Happy Easter to all that may read this over the Easter holidays :-)
Yesterday, on 'Green Thursday' as the Czechs call it, I breakfasted the traditional 'Judas' pastry. It's a sweet bun made from yeast dough - a little like the British Hot cross bun, except for the cross, as this one tends to be plain brown and platted, to symbolise the rope by which Judas hanged himself (you can also see a nice photo on http://www.zubrnice.cz/images/vel_jidas.jpg which I can't publish for copyright reasons). Alas, to my shame I didn't do anything else that's required of a good householder on this day: one should get up really early, before sunrise, and sweep all ills out of the house, then wash with morning dew (or snow as the case may be) and take any sweepings to the crossroads, so as to avoid fleas in the year to come! One should then throw a piece of the Judas pastry spread with honey into the well to insure plenty of water. Good Christians would then ritually wash eachothers' feet and go to morning mass, and again to mass in the evening. This is the last time the bells are rung because the tradition has it bells fly off to Rome on the Thursday night. That's why a custom of rattling special wooden rattles has developed, an extremely noisy custom enjoyed mainly by young boys and men, which persists throughout the Easter weekend, during which all bells must remain silent. (by the way these rattles are similar to the ones football-fans use nowadays!) In some areas, people would also beat mortars with pestles, or rattle coins in their pockets, to ensure wealth in the coming year.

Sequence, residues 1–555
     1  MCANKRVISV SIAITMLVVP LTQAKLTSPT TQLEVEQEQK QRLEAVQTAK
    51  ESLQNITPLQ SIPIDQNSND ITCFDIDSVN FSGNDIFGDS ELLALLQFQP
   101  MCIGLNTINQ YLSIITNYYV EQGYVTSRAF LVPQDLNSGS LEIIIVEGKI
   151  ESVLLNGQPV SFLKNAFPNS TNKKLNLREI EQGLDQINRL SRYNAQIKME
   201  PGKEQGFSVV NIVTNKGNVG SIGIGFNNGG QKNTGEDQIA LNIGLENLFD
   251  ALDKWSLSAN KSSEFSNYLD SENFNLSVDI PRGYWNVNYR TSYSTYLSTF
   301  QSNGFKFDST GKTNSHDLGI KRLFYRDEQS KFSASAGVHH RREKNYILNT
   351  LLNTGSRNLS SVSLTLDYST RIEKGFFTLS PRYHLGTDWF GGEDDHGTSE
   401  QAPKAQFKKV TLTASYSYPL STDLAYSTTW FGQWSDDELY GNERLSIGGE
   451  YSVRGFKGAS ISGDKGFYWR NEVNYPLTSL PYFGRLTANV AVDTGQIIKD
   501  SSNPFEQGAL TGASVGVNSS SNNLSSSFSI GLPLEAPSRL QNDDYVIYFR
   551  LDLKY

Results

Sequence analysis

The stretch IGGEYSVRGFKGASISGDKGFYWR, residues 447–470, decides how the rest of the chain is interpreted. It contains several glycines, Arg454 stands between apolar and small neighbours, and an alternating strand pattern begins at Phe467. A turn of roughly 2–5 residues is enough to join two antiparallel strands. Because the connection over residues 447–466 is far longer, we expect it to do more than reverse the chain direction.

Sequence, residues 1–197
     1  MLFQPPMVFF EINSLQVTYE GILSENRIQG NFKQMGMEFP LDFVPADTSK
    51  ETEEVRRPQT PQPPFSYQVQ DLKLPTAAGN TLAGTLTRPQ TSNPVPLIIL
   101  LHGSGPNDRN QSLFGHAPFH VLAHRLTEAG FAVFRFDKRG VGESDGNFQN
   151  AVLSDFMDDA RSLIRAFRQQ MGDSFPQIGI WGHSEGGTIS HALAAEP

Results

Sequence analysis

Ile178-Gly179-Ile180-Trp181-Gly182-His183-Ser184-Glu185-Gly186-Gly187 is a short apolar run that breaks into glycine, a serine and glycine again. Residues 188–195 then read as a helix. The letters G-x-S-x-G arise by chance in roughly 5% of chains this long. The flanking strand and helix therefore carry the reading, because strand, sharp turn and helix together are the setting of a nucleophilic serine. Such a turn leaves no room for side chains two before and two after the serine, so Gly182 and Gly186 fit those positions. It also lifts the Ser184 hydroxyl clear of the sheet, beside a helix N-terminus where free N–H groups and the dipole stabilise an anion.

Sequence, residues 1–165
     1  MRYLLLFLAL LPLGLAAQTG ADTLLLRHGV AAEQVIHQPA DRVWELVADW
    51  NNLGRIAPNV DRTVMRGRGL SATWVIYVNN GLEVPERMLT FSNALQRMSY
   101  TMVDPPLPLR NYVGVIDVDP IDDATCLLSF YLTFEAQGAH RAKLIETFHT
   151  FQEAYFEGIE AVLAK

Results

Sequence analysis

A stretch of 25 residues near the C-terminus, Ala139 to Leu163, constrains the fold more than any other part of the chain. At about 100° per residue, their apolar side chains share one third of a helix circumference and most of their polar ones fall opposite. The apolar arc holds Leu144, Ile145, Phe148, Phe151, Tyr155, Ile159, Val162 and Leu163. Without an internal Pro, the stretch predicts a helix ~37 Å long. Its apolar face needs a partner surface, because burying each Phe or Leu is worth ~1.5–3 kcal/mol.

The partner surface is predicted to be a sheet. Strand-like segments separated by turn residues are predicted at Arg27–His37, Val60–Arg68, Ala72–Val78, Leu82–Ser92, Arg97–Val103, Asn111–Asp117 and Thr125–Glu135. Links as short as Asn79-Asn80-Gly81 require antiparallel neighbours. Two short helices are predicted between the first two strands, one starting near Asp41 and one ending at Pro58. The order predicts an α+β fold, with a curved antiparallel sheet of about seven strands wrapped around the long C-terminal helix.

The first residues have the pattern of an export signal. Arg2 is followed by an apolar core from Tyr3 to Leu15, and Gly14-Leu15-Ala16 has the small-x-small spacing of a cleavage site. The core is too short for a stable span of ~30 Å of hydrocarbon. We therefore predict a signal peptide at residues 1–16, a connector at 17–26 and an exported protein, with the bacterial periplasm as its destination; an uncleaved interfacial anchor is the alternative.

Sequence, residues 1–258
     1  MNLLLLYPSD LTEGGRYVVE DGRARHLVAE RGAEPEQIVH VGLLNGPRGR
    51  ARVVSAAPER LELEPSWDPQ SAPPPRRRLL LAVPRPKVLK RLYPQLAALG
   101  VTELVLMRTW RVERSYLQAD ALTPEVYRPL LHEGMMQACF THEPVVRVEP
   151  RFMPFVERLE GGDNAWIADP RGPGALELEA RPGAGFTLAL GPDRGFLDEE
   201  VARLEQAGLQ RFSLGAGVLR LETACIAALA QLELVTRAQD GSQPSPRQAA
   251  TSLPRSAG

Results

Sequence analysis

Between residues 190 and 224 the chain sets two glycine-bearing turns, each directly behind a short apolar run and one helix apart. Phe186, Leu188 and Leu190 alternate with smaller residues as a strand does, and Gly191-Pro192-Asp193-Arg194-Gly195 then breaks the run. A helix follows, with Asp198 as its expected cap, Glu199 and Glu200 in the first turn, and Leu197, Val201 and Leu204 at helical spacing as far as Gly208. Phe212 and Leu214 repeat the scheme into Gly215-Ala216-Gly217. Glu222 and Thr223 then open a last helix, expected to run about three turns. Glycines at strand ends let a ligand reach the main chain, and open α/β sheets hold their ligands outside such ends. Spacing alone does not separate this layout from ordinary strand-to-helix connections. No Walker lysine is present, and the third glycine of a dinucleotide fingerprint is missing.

Good Friday (Great Friday in Czech), though very much observed as the Christian Passion day even by otherwise religiously tepid people, also has its folk beliefs and rituals - some more or less forgotten, some still enjoyed by many. Maybe the strongest belief is that you are not to disturb the soil on this day: it is a magical day when the earth may open up to reveal hidden treasures - if you walk out into the countryside at dusk, such a place will show itself by luminescent ferns, or by nooks and caves in rocks, issuing faint light. Altogether this was always seen as a day strong in magical powers: witches and watersprites were supposed to roam about, and you were not to lend anything to anyone as it may come back to you bewitched. On this day you would get up before sunrise and wash in a running stream, and observe a fast. Women would spin special 'passion threads' that they would sew into their shirts to guard against evil eye and lightning, and men would roam about with their noisy rattles....
Nowadays, with Tescos and others open day and night through most of the weekend, and offering ready-made Easter eggs and Judas pastries and all, will commerce win over tradition? Hope not: as I walked into my neighbour's house this morning, there was a huge mound of eggs in various stages of finish strewn on the kitchen table, and although Krumlov itself seems oddly silent, and later as I went to the riding stables at the nearby village, I heard the bold rattles laughing their wooden cackle in the distance.